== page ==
A blue-green algae bloom has been reported at Lower Thetis Lake in Thetis Lake Regional Park.
Following consultation with Island Health, the Capital Regional District has advised that visitors and their pets avoid drinking, swimming or recreating near the lake.
Blue-green algae, a secreter of cyanotoxins, produces a blue-green sheen visible as surface scum on the water – although its toxins can oftentimes be invisible to the naked eye. Symptoms of cyanotoxin ingestion include skin irritation, headaches, abdominal pain, vomiting in humans and liver damage that can be lethal in animals such as dogs.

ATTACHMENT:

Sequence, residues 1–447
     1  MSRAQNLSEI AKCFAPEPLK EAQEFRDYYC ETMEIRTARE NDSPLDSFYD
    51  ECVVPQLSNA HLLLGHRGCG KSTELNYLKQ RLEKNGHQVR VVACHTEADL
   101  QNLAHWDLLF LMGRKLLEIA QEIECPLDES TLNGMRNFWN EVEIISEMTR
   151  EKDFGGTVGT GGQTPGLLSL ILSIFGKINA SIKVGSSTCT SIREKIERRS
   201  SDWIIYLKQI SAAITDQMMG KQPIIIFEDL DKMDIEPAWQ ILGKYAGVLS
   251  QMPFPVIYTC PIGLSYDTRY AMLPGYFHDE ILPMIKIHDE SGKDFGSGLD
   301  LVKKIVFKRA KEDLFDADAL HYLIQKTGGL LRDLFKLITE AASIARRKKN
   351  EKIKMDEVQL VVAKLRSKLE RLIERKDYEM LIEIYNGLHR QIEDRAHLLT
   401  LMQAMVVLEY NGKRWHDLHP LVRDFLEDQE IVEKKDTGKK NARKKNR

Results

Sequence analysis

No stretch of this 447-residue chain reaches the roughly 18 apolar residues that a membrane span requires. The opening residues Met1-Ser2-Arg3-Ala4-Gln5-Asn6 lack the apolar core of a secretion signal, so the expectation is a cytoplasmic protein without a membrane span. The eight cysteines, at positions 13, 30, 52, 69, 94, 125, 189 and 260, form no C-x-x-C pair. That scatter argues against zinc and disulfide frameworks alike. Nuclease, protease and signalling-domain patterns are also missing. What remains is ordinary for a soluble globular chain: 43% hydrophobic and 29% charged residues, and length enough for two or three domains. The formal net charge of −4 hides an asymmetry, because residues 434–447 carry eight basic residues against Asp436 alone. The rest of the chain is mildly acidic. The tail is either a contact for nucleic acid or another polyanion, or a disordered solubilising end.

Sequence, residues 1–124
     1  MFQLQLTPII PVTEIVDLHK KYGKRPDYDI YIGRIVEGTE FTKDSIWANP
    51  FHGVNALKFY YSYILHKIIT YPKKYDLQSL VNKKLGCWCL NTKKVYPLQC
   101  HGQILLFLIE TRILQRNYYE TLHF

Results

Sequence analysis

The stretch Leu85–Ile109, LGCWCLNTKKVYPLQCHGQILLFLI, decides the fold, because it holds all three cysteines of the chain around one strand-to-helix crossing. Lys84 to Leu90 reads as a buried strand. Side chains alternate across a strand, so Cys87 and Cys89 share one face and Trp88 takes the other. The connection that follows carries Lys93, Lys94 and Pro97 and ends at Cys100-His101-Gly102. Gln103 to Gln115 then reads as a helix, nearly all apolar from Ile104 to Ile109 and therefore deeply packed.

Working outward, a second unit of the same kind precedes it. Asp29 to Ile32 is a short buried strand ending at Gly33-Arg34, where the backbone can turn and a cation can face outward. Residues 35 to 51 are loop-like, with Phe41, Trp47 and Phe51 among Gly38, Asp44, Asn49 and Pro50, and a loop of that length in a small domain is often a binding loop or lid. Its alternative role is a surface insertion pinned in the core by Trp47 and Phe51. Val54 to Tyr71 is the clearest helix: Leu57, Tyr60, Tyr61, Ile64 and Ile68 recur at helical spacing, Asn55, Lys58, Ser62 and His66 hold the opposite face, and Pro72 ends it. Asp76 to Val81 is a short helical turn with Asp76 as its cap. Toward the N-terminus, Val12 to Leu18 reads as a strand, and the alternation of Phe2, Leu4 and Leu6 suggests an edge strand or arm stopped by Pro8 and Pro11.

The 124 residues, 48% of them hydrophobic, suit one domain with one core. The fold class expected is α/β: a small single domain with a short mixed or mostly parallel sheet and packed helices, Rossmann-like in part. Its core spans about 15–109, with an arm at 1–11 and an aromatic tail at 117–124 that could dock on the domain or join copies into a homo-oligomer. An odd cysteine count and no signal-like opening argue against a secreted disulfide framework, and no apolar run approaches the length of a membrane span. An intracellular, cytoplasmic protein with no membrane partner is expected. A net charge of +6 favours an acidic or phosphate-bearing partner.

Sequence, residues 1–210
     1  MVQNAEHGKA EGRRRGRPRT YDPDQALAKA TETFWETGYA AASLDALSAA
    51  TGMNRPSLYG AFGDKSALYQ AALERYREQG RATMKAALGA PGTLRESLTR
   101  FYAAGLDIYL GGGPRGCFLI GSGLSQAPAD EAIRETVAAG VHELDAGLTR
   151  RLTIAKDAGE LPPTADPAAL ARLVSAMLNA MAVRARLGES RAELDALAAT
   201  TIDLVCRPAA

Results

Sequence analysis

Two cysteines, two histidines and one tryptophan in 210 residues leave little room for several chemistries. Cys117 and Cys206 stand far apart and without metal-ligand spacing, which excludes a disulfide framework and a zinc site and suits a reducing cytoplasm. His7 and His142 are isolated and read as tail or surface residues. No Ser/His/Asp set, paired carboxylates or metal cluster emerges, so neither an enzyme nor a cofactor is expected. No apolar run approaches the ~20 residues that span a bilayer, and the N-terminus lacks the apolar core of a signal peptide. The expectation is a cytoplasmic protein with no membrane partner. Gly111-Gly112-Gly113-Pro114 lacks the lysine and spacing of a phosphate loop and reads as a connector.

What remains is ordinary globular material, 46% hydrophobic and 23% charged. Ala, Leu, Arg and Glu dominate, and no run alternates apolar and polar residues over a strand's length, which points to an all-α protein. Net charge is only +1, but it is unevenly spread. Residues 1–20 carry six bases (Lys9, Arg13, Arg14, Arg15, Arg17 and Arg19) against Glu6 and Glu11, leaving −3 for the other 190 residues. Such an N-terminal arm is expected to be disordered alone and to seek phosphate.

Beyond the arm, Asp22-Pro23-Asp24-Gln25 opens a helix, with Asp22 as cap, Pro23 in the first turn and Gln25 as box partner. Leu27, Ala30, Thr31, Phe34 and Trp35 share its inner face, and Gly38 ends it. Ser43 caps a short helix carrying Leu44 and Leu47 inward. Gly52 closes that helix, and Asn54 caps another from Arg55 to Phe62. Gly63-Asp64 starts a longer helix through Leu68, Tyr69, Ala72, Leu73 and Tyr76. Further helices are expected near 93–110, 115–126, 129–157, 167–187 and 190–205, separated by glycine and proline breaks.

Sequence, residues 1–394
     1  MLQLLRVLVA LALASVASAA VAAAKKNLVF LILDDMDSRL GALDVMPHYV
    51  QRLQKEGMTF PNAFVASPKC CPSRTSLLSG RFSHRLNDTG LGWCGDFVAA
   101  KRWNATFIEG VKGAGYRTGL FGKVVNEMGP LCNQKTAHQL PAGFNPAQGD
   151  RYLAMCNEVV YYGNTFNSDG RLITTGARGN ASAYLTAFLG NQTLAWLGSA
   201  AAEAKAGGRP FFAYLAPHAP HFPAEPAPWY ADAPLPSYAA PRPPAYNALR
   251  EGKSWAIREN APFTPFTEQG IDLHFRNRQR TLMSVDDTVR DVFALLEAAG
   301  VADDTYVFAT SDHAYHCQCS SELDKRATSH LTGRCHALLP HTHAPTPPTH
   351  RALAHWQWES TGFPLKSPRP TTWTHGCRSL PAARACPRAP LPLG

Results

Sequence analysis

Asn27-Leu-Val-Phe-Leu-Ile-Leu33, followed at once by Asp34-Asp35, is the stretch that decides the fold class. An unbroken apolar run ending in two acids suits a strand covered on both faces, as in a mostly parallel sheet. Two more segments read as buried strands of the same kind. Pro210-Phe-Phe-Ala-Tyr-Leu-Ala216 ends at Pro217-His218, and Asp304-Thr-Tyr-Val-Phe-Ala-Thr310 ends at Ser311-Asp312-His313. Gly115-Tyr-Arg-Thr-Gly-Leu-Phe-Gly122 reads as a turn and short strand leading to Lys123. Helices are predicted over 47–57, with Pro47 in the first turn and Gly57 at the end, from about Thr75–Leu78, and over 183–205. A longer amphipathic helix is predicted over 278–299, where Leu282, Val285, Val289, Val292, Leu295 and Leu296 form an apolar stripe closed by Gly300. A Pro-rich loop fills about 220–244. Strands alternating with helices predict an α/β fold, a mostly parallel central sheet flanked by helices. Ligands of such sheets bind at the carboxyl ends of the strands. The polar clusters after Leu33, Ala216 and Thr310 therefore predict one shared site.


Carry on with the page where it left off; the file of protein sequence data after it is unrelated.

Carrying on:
Algae blooms can occur any time of year and across of variety of freshwater bodies, according to the CRD. They form when lake bed nutrients mix with surface water – a common event in shallow water bodies such as Beaver Lake, and more likely in winter for deeper lakes such as Elk Lake, following storm events or other instances of lake turnover.
“If you see a blue-green algae bloom, it is best to assume that toxins are present, and avoid contact with the water,” states a CRD warning on its website. They ask that if you see a bloom, report it to the CRD’s info line at 250-360-3000.
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